I briefly mentioned the Reddit Screenwriting Contest we won, but I failed to mention that the contest was sponsored by the Great American Pitch Fest and that the prize associated with winning was a free pass to the PitchFest. So, with only a couple weeks notice, we started preparing to go pitch our scripts.
The PitchFest has two days of workshops, followed by a day of pitching. I arrived Friday afternoon, registered, and looked over the course schedule. I felt like, given that we were going to be pitching on Sunday, I should take every class that related to pitching. I started out the day with “I Wrote, I Worried, I Pitched” with Jeffery Davis & Peter Desberg. It contained some pretty good tips about combating stage fright, but also contained a whole lot of groan-inducing puns, which I could have done without. After that I tried to attend “Power of the Pitch,” but the speaker didn’t show up, so we ended up with an impromptu Q&A with Gary Goldstein. After that, I didn’t see any pitch-specific classes, I went to see Craig Sabin present his system for bundling up premise, character, theme, and plot, which was an interesting way to approach writing a script, even if I think it’s probably a less organic approach than we like to use while writing. After that, I realized I was about to collapse from lack of food so called it a day. If I have one suggestion for the PitchFest, it would be to schedule an actual lunch break on the class days.
Unfortunately, Matthew was tied up with work all day on Friday, but we connected in the evening to work on our pitches. When we did the InkTip Summit, we spent pretty much two solid days working on pitching and had solid, fully memorized pitches done for six or seven scripts. We didn’t have nearly as much time to prep this time around, so we decided that we were going to focus mostly on Ghost Trappers, especially since we could lead with “we’re here because we won the Reddit Screenwriting Contest,” then launch right into talking about Ghost Trappers. We were a little nervous about this, since when we pitched that one at InkTip, it seemed like a hard sell.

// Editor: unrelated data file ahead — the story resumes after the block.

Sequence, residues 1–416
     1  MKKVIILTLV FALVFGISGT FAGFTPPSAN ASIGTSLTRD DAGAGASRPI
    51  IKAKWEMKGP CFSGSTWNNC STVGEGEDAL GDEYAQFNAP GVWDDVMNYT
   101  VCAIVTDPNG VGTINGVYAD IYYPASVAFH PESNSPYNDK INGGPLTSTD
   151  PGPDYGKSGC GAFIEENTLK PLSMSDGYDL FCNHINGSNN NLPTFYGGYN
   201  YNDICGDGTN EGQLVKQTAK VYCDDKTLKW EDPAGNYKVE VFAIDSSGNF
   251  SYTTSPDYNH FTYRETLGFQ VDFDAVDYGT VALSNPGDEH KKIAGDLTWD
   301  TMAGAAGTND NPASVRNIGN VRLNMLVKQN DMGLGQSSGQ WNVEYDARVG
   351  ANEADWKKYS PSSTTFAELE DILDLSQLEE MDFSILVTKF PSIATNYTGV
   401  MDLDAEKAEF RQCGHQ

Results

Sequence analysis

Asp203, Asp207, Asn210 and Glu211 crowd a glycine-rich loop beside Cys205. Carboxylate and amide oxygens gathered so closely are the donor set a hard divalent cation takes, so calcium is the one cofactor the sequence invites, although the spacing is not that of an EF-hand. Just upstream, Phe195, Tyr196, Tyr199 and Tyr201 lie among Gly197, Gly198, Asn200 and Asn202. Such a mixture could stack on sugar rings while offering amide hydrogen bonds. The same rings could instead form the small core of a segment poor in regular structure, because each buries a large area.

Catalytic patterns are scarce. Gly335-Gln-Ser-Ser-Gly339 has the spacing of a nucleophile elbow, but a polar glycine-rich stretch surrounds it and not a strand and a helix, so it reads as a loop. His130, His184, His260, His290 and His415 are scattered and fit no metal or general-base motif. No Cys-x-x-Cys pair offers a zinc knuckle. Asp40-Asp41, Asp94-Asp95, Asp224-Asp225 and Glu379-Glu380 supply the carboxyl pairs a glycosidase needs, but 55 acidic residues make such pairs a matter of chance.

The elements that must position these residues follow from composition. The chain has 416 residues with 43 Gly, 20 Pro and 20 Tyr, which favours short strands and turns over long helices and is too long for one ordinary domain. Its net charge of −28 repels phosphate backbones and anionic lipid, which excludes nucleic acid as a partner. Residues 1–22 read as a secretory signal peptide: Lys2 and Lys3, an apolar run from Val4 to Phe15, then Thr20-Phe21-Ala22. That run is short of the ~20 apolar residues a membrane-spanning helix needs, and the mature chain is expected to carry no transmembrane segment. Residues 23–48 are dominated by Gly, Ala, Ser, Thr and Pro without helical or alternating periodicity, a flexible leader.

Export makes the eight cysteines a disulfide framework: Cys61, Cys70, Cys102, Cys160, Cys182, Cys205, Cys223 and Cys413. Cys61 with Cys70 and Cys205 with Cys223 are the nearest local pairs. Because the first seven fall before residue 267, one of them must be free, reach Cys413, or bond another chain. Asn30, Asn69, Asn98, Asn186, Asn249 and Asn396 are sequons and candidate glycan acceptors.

Saturday classes were good, but I ended up only doing two. I was deeply tempted by the action panel featuring Shane Black or by the keynote featuring Roger Corman but I decided we would be better served by Pilar Alessandra’s class on “Pitch in a Minute.” She’s a self-professed Mad Libs fan and handed out Mad Libs-style guides for putting together a logline and a pitch. Somewhat helpful, but felt a little limiting, even if you’re just using them as a starting point. After that, there was a session of roundtables. I think the idea was that you were supposed to move from table to table, but, since there was no method to enforce that, 95% of the people stayed at the table they sat at. I ended up at Pen Desham’s table, which was fantastic. His advice was pretty much diametrically opposed to everyone else there – write what you’re passionate about, don’t follow formulae or rules (at least not when writing the first draft), use every tool at your disposal when writing, etc. He had an apparently limitless number of anecdotes as well, all of which tied into his general theme of “do what you feel driven to do.”
At that point, I was panicking about getting pitches and loglines together, so retreated to work on those. Sunday morning, got up bright and early and spent some time working with Matthew on getting our pitch down. We decided to talk about our Chinese haunted skyscraper movie Gweilo as a backup, but only after being clear with people that we still wanted to do a couple more drafts before we sent it to anyone.
The setup of the PitchFest was not dissimilar to the InkTip Summit. Same Convention Center, same “line up, file in and sit at a table for five minute” structure (I assume InkTip just lifted everything they could from PitchFest). The main difference is that, here, each table contains representatives from only one company, instead of people representing three or four companies. It took us a while to get used to the change – we were used to getting a business card and a script request at least every other table, so it broke our confidence a bit to go three or four tables before someone actually asked for a script. We had some great conversations with people, though managers seemed more interested than producers. Since Ghost Trappers has child protagonists, I think a lot of production companies don’t entirely see how it would appeal to all audiences, not just kids.
By the end of the day, we managed to talk to 22 different companies, of whom ten had requested a script (two more got in touch after the fact to request scripts, which helped our overall ratio). We also had some pretty good chats with people who were not interested. Virtually everyone in the workshops stressed that the goal of these things is not to make a sale, but to build relationships, so I feel like we made some progress in that vein.
Overall, a good experience. I look forward to doing it again when we have more ready-to-go scripts to pitch.